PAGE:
Many Ugandans are very unhappy about the deteriorating situation in our country. However, they are unable to react because they are afraid that if they don’t succeed in regime change or make fundamental changes within NRM the consequences might be severe. They are therefore prepared to wait until time solves the problem or someone else does it for them. That is why some Ugandans are praying virtually daily for donors to come to our rescue. In life there are few, if any, improvements that occur without human involvement and sometimes sacrifices. Intervention by others is more often than not to promote or fulfill parochial agendas that could lead to more hardship for the non-participants in the process. Therefore in order to solve a problem those affected need to participate. Second, success or failure depends upon the goal one sets. For example, those who had planned to unseat NRM regime in 2011 elections and didn’t obviously failed. Those who criticized NRM economic policy succeeded because the government dropped the devastating structural adjustment program in 2009 based on the invisible hand of market forces and replaced it with National Development Plan designed to introduce a public-private partnership model. Third, there are goals that are achieved in stages. You start with producing and disseminating information in the news papers, radios and the internet as Ugandans are doing now. The information is then debated and synthesized into policy and strategy in the second phase. In the third phase the strategy is implemented. Implementation may not achieve all the goals or none at all. The momentum may be slowed or the movement even destroyed completely. History provides lessons we can draw from so that when we do not succeed or do so partially the first time we should not despair and throw in the towel. In some of my publications, I have deliberately drawn on history lessons to show that those that persist and are optimistic win in the end. Below are some lessons that discourage pessimism and defeatism.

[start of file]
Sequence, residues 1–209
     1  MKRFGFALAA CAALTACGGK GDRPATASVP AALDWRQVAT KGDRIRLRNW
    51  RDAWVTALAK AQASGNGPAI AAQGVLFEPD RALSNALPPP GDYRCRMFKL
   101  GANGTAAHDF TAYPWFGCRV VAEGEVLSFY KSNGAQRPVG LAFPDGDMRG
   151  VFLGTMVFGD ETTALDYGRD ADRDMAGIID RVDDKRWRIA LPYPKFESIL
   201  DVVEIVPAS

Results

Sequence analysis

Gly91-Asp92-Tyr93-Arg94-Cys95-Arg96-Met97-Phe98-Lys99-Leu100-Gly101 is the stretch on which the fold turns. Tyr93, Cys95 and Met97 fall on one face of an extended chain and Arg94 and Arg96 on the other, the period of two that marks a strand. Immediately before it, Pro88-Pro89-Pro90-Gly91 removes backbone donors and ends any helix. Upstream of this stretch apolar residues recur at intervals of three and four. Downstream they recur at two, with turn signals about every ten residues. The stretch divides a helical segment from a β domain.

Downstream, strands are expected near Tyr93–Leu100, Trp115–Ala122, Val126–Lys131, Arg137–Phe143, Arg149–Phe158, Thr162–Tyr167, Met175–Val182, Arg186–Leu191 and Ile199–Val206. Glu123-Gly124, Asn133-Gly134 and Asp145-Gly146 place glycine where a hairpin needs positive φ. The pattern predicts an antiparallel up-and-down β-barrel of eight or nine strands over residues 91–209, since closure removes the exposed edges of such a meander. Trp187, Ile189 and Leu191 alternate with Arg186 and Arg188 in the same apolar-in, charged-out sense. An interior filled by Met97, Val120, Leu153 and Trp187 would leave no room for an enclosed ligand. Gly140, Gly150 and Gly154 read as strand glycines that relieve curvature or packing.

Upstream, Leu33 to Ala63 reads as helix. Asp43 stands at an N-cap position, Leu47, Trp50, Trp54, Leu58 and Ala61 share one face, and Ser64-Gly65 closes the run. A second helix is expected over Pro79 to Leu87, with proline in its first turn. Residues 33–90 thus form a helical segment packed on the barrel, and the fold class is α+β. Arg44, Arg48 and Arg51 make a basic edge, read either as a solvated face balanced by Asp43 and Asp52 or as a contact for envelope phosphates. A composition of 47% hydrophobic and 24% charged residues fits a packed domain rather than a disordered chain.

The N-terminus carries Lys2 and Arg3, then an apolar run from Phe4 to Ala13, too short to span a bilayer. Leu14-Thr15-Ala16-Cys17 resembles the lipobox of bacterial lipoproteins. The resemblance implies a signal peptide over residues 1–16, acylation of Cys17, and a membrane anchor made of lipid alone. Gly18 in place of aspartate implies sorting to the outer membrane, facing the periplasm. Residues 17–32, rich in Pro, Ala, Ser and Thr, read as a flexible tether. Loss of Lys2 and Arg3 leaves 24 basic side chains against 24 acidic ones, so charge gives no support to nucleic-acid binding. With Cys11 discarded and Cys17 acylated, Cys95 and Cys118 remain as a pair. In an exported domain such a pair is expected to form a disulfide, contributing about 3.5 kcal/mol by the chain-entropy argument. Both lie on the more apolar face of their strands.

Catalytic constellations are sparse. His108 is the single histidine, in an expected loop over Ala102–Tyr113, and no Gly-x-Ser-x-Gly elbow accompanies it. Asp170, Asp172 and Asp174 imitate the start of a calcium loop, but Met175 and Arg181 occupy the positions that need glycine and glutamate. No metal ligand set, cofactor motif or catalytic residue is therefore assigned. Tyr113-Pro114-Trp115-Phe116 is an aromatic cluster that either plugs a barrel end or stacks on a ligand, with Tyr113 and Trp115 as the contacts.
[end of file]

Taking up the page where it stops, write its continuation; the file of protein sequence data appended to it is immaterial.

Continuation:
When a president refuses to feed children, Uganda should demand answers

We have a president who came to power in 1986 advocating what Ugandans wanted to hear and he said it all loud and clear. He said that under his brief administration (because he had more important things to do at community and Pan-African levels) he would end the suffering of all Ugandans children included. In his eagerness to drive the point home, he blamed all previous regimes for failure to take good care of the people of Uganda. The welfare of children was a recurrent theme in his speeches as was the empowerment of women including through reduction in maternal mortality. One of the themes he stressed with implications on children was food and nutrition security. He talked clearly about balancing agricultural production for domestic consumption and export markets. Museveni knew that all parents regardless of their status want good education and health for their children. And he knew that they know that children need to feed adequately in order to study well and stay healthy. So when Museveni talked about the welfare of children including good education, healthcare, decent shelter and clothing including shoes and food and nutrition security he endeared himself to the people of Uganda particularly women who take care of children most of the time.